The frame has got the task of enclosing the space depicted in the painting: a boundary toward the outside and the inside of the painting. The real function of the frame is felt exactly with its absence. In the past the frame was the outcome of the work of a lot of experts who created a work of art capable of containing another one. The frame is not a part that completes the painting, but it is an independent artcraft.
The Frame and the Artistic Processes
The “artistic frames” are made according to antique procedures starting from “ammanitura”, that is repeated overlappings of Bologna plaster mixed with rabbit glue. Another step is the lacquering with natural and organic pigments followed by the gilding. The “ammanitura” is used before laying the “bolo”, that is the process preceding the real gilding. The best known “bolo”, that can be of different colours depending on its origin, is the reddish Armenian one. This is the same tonality that is visible when the gildings of antique objects, obtained through the “guazzo” technique (i.e. with the golden leaf) are consumed. The application of the golden leaf follows the laying of the “bolo”. This is an operation that requires experience and professional competence since the leaf is so thin that it would break if touched with hands. Working on small areas with accuracy and ability, the solution, called “guazzo”, is spread in order to fix the leaf to the “bolo”. Once the gilding has been carried out the frame looks dull, and it is now that the so-called burnishing is performed. Its aim is to make the golden leaf bright and shining and it is a procedure that takes place polishing the leaf repeatedly and skillfully with the burnishing tools. The shapes of these tools vary according to the surface you are working on – smooth, polished, with cavities and carvings -, but all of them are made of agate stone.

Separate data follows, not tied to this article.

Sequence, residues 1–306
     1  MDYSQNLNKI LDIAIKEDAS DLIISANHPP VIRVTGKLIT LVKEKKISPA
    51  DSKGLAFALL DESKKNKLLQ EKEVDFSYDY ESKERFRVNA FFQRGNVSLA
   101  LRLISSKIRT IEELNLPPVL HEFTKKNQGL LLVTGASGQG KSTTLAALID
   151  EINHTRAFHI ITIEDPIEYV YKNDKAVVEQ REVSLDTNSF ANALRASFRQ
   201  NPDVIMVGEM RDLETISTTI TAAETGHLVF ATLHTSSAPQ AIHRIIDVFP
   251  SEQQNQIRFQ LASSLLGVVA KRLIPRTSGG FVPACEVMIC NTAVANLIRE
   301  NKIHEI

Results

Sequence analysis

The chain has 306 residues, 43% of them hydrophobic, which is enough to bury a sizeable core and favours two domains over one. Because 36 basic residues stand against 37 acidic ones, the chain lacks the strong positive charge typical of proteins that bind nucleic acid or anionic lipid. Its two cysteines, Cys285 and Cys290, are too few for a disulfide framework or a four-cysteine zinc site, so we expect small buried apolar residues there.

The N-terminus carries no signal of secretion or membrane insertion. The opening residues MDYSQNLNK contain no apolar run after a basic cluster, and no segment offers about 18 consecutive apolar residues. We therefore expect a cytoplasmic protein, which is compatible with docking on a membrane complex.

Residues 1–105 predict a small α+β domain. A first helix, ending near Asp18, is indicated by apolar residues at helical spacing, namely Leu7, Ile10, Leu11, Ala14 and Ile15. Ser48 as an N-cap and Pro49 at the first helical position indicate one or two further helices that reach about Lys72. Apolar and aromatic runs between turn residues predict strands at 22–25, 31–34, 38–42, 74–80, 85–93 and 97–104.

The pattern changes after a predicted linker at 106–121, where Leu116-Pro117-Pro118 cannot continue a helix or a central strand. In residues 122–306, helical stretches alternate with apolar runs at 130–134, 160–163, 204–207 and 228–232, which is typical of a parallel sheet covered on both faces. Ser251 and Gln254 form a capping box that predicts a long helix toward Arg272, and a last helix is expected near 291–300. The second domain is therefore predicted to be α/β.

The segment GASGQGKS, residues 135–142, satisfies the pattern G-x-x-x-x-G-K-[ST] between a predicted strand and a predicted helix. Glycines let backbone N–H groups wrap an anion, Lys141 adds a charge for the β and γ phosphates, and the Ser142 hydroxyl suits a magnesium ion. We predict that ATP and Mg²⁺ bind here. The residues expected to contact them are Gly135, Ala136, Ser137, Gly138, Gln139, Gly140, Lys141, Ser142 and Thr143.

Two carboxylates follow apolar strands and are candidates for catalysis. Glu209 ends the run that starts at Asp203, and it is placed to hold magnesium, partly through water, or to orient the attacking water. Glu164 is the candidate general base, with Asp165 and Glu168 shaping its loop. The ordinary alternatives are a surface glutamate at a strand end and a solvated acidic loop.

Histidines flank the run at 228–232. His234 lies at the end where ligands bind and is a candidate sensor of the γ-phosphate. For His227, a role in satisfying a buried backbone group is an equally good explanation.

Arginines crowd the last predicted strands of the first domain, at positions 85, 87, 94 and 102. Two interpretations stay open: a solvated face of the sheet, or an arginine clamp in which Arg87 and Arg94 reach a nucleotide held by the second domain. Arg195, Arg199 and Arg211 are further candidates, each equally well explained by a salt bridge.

The skilful work of the cabinet-maker
The same care is given to the wooden working of frames, thanks to the skilful ability of the cabinetmaker (“timber master” in ancient times), especially assembling the corners and choosing the joint. “Officina Capitani” seldom uses nails to assemble the “artistic frames”, but it prefers, as in former times, the use of small wooden wedges (pegs) to put together the several parts.